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Gay Life in Ukraine 2012-14

| October 16th, 2014 | Comments Off

Introduction There are many fronts in the universal struggle for gay rights and LGBT equality. Some of these fronts are violent, some are passive, some are out and proud and colorful while others are underground. All of them involve courage, stealth, strategic planning, public relations, political lobbying and greater or lesser amounts of money. In 2012 Ukraine the efforts for “Gay Life in Ukraine” are no less strained and courageous. Yet, despite Orthodox Catholic opposition, homophobic skinheads, political bigotry and a conservative society, the ‘International Forum of LGBT–Festival Kiev Pride2012′ (one of 19 LGBT groups that form the larger ‘Council of LGBT Organizations of Ukraine’)–tried to stage a Pride Parade and Festival in May 2012. It was cancelled by the authorities who feared violence. In was to be a test whether Ukraine was ready or not for the European Community with its tolerant human rights standards. It was not. For LGBT

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Gay Ukraine After the Revolution: Life is Dangerous

| August 2nd, 2014 | Comments Off

Activist Globa Bogdan, who had his hopes for Kiev Pride dashed this year, says the culture of machismo threatens LGBT Ukrainians.   By Thom Senzee July 09 2014 The Advocate (http://www.advocate.com/world/2014/07/09/kiev-activist-life-dangerous-lgbt-ukrainians) (Photo right: activist Globa Bogdan at Baltimore Pride 2013 ) For Bogdan Globa, founder and executive director of Tochka Opory|Fulcrum, an LGBT rights advocacy organization in Ukraine, the dream of celebrating LGBT Pride the way he saw it done in America seems farther away than ever following the cancellation of Kiev’s 2014 March for Equality last week. Yet this young gay activist remains determined and optimistic in a country he sees as intoxicated with machismo after having stood up to its behemoth neighbor to the north, Russia. However, that bravado is making it harder than ever to be an LGBT Ukrainian. Globa, whose organization includes a project similar in mission to PFLAG called TERGO, and his mother, Olena Globa,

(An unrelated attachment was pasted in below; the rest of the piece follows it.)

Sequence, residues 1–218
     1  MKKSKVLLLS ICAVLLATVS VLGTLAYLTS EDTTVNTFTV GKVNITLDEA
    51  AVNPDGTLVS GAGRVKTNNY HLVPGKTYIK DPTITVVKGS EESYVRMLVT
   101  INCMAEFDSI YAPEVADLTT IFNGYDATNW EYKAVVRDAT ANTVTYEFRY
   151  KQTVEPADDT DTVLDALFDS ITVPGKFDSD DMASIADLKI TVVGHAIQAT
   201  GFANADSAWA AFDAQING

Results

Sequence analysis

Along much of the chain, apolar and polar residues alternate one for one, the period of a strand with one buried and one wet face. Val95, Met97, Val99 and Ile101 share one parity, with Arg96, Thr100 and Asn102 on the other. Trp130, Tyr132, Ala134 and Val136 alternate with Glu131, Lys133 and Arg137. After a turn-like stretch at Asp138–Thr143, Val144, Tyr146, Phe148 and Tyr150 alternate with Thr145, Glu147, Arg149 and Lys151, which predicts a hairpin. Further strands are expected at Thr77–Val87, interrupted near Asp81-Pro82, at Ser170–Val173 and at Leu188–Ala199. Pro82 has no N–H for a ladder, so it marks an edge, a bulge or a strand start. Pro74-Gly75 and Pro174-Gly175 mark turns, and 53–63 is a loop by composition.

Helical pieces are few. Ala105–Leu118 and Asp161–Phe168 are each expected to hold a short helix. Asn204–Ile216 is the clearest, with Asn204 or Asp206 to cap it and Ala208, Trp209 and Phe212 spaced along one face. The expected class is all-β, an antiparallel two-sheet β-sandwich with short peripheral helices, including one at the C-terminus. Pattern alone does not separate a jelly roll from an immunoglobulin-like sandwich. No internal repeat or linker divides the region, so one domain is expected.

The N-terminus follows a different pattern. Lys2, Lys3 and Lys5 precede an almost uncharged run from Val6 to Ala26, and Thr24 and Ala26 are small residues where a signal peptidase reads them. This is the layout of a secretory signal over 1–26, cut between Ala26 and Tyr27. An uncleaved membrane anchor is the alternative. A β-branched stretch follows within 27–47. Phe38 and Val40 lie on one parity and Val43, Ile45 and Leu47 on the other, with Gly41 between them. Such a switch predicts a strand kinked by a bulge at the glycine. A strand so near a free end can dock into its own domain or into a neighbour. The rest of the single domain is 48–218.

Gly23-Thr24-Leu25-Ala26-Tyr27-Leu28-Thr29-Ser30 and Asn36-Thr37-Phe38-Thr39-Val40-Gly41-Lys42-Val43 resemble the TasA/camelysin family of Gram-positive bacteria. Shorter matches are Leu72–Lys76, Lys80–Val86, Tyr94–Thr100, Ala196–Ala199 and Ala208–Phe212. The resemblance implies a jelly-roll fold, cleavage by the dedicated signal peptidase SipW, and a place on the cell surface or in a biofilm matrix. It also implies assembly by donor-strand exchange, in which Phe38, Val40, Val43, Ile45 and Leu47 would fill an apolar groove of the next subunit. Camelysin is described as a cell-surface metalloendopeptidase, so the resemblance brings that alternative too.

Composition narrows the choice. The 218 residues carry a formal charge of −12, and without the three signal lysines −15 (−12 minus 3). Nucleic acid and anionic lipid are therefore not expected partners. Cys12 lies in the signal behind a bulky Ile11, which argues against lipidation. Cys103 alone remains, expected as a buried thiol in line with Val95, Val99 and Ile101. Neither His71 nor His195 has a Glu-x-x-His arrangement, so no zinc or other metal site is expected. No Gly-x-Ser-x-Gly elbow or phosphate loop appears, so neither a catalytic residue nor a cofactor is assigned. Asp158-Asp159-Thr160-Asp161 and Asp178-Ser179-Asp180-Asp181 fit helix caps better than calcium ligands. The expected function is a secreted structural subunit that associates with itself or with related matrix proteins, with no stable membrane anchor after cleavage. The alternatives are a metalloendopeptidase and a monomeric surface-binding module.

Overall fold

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Gay Slovenia

| May 28th, 2014 | Comments Off

Intro: Slovenia, a former Yugoslavia republic, is a small pretty country of mountains, fertile pastures and picturesque villages. Old town Ljubljana looks storybook. History stretches back to Roman times. Having escaped the horrors of the 90’s Balkan wars for the most part, the citizens here have moved forward with modest prosperity. Homophobia exists of course but it has not been violent or virulently religious. Gay activists work busily and quietly to push for more complete partnership recognition and registration. Also see: Gay Slovenia News & Reports 2000 to present Gay Slovenia Photo Galleries By Richard Ammon Updated May 2014 Progress and Peace If you read the Slovenia News & Reports page on this site, you will see a progressive country that has allowed civil partnerships since 2006. More recently, the Constitutional Court ruled that the country’s law on inheritance and succession discriminates same-sex couples and required that it be made

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Best Gay Nude Beach in Ukraine: Simeiz Village

| October 17th, 2013 | Comments Off